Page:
To fish for snapper with the fly I recommend a 10-weight.  Today I was using my new Ross Rx 9’ for a 10.  This rod has the needed backbone to potentially stop a good size snapper.  You don’t need a reel with lots of backing capacity because if a snapper gets that far from you you’re likely to lose him anyhow, but I do like a good drag to crank down.  I use Ross Momentums or their new F1 #5.  It would be nice to fish down deep at the base of the rocks, but the deeper you go the more likely the chance you will get snagged and frustrated.  I use the Scientific Angler saltwater floating line with the intermediate sink tip – WF10F/I.  I cheat on the leader.  Rather than worry about catching an IGFA record on 20lb class tippet or less, I put on a straight 4ft length of 60lb shock tippet.  Straight 60lb is risky because if not handled right you could shatter a rod or snap a fly line.  But it’s this strength that gives me a good chance of surviving the first couple runs into the rocks and actually landing the fish.  That is if he’s not too much bigger than 10lbs.  If you hook a 20lber, your 60lb tippet may as well be 7X!

My day started challenging.  Even with my stout rod the wind and big waves were causing me grief.  My casts were shortened not only because of the wind by also my excess line was constantly stuck in the rocks.  I’m not much for the stripping basket roosterfishing off the beach but today the tool may have been perfect.  I went about an hour before getting my rhythm and finally landing this beautiful flag cabrilla.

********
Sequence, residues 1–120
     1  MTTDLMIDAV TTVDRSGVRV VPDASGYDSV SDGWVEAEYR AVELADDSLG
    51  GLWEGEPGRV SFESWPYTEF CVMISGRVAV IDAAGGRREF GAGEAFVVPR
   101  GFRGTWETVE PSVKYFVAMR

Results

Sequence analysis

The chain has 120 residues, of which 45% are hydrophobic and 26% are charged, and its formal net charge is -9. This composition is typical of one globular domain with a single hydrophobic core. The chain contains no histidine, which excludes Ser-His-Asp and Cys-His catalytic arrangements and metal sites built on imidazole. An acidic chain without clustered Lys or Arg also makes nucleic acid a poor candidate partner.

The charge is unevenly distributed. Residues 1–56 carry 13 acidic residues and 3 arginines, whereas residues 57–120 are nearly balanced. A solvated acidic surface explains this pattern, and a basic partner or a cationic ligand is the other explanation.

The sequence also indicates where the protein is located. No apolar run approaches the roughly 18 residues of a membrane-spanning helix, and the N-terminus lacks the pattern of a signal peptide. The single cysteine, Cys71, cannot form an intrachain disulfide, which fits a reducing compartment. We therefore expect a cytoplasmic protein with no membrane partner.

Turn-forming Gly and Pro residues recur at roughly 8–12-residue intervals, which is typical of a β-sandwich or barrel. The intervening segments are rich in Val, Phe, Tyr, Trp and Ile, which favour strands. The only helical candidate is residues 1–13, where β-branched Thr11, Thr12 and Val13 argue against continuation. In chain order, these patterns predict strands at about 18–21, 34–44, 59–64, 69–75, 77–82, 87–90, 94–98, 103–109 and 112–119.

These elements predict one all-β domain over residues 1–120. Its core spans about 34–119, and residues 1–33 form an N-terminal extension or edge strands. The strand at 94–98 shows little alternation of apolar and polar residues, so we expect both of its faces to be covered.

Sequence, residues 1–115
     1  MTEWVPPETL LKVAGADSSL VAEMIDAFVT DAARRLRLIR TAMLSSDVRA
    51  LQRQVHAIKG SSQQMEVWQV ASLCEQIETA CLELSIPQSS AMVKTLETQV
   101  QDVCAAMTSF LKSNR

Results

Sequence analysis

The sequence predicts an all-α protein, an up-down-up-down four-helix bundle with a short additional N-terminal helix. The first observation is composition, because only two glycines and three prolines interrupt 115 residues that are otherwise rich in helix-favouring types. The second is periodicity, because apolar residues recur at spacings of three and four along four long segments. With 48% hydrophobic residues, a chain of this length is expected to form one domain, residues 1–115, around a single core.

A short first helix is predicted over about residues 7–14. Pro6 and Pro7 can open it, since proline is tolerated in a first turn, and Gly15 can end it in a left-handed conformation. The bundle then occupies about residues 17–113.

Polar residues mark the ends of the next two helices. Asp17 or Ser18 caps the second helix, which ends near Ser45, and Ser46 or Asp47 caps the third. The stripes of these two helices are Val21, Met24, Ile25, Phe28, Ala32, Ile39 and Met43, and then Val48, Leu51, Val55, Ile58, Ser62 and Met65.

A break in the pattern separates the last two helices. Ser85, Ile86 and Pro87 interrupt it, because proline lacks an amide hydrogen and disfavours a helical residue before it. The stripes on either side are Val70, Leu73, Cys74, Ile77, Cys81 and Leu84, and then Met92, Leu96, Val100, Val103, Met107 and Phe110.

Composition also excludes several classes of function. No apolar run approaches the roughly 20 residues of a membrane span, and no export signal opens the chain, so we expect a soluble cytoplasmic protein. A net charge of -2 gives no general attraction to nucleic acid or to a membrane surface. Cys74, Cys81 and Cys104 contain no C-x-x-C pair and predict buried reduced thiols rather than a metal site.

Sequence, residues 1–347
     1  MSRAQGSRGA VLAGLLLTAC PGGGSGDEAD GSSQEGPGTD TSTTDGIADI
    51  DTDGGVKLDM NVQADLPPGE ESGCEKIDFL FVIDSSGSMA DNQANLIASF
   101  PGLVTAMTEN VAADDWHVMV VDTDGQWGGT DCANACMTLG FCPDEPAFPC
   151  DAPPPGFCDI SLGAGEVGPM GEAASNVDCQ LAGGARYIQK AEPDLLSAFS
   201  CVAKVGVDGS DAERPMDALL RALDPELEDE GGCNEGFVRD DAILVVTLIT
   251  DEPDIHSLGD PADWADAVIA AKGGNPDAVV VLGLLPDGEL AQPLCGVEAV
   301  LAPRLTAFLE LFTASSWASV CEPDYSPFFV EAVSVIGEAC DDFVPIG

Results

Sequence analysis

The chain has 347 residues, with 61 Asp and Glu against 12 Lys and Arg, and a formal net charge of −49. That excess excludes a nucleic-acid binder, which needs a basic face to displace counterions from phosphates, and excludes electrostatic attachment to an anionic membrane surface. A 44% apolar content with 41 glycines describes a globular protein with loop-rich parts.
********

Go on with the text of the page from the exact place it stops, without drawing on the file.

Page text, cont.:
Once you catch that first fish, things generally improve.  I picked up a few more cabrilla and then this gorgeous little yellow snapper.  Even though this snapper is the size of a 2lb smallmouth bass, it was a good pull on the 10-weight.

I was really getting into a grove by early afternoon.  Only problem however was that the wind subsided and that usually starts the downslide of the fishing.  I had to concentrate on the prime locations so I dropped my big fly near a rock about 50 ft out.  For some reason I wasn’t paying full attention and was rather looking around at my beautiful surroundings and enjoying the diminishing winds (I was casting a lot better now).  On about the third strip I got rocked and exactly like I warned earlier, my fly line got stripped away from me.  Luckily I reacted fast and using not just my stripping finger but rather three fingers, I clamped with all my might.  Soon I was tight on my fish and pulling on him so hard my rod felt like it was going to break (this is what you need to do!).